From there, the car, chassis number 5-632, sat largely unattended for the next seven years. Mostly unattended, all the while. But that all changed in August 2019, when the car was promptly taken out of storage for a comprehensive set of upgrades. No longer was it a mere NASCAR Cup car. It was something profoundly more interesting. First things first, that NASCAR regulation-certified stock-car racing V8 had to be removed.
One can only hope the outgoing engine found its way into another race car. But at least the engine that replaced it was something very special indeed. It's a 454-cubic-inch (7.4-liter) LSX, racing-derived, naturally-aspirated big block monster. An engine that even by conservative estimates peg as jetting 650 horsepower right out of the box.
There are no turbos, no superchargers, and no forced induction of any kind. Just a good, old-fashioned displacement with enough modern tech under the hood to satisfy a bare minimum of racing regulations. Of course, you can't just keep a crate engine stock.
Power is fed to a Race Tech Services 6XD sequential transmission. A unit purported by the Hendrick Performance website to be rated for 1,800 lb-ft (2,449.47 Nm)of torque. Meaning this racing chassis could probably trade its LSX gas big block for a twin-turbo GM Duramax diesel with a minimum of fuss. The in-house developed nine-inch rear-differential r is equally overbuilt,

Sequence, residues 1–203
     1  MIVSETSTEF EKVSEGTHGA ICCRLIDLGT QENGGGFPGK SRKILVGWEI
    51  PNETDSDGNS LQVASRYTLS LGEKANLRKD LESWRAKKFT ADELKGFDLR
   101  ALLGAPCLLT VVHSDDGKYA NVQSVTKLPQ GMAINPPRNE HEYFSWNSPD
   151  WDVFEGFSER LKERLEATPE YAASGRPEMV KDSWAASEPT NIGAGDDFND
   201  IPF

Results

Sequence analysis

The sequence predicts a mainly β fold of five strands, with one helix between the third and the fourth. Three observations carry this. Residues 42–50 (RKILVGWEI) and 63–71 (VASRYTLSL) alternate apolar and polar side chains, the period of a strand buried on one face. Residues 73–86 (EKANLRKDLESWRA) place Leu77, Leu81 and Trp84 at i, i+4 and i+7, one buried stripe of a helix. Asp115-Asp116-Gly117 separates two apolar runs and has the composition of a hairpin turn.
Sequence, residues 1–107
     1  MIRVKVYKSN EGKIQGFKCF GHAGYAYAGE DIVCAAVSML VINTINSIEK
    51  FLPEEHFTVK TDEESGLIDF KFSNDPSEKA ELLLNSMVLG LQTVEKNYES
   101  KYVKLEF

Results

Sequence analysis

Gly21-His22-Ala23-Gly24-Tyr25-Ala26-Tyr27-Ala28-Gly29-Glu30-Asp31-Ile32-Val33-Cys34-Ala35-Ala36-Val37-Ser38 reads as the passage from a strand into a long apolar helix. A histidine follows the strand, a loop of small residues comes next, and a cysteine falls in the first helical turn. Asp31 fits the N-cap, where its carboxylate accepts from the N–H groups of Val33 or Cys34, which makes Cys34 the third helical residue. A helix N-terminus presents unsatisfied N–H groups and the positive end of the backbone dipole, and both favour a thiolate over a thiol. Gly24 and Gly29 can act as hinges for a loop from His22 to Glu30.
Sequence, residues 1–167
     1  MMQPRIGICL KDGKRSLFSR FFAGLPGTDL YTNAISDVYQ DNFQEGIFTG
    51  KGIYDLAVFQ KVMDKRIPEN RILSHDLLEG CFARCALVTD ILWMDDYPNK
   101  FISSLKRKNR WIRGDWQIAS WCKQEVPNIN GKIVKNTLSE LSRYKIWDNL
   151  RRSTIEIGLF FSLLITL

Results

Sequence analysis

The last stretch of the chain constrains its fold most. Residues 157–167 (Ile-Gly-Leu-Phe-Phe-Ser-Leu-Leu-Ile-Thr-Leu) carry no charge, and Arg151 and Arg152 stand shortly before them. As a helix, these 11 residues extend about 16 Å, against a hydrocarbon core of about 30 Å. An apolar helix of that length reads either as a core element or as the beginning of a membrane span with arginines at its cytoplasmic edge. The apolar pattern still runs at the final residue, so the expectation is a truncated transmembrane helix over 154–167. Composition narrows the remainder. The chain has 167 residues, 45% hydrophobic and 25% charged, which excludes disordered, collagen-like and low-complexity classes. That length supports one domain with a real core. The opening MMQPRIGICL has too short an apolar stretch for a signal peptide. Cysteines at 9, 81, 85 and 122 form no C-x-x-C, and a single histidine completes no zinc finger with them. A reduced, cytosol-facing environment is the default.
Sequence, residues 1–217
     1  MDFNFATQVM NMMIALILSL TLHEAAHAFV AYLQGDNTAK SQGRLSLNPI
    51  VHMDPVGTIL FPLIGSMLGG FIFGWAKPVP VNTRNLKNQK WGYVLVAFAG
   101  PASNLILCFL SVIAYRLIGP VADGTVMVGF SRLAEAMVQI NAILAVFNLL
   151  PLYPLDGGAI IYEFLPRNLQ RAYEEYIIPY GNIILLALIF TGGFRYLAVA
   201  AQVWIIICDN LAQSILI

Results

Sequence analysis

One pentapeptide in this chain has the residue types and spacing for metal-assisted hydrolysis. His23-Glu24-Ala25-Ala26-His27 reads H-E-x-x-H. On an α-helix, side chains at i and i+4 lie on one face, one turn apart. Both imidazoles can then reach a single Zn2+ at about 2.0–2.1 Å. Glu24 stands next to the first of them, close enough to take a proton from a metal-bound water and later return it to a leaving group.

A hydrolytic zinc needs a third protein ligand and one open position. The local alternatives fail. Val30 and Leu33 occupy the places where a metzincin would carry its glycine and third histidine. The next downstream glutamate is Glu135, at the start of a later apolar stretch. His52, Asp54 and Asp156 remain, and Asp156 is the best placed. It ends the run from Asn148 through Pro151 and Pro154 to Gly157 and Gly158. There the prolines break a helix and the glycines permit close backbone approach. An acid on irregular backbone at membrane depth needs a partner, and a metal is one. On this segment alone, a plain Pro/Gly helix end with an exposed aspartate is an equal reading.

Adjustable coil springs and racing shocks make up the suspension at all four corners, and braking is handled by independently cooled drilled and slotted race rotors with six-piston calipers up front and four-piston in the back. Cooling is taken care of via front NACA air ducts which direct a constant torrent of fresh air directly onto all four brakes.
Why? Because what better way to make your race car faster on the track than with aerodynamic doohickeys designed by the predecessor organization to NASA. It definitely makes it sound important. Not like a race car done up by a 12-time NASCAR Team Owner champion doesn't have enough prestige on its own.
LeMans racing back in the 70s to varying and often not-so-fantastic degrees of success.
If there were ever a car to bring stock-car style race cars overseas for a 24-hour endurance race, we'd bet money on this being the best candidate. Albeit with maybe a larger rear wing. The price for it all? That'd be $148,000 before taxes and fees. Considering what you get for the money, that's a bargain.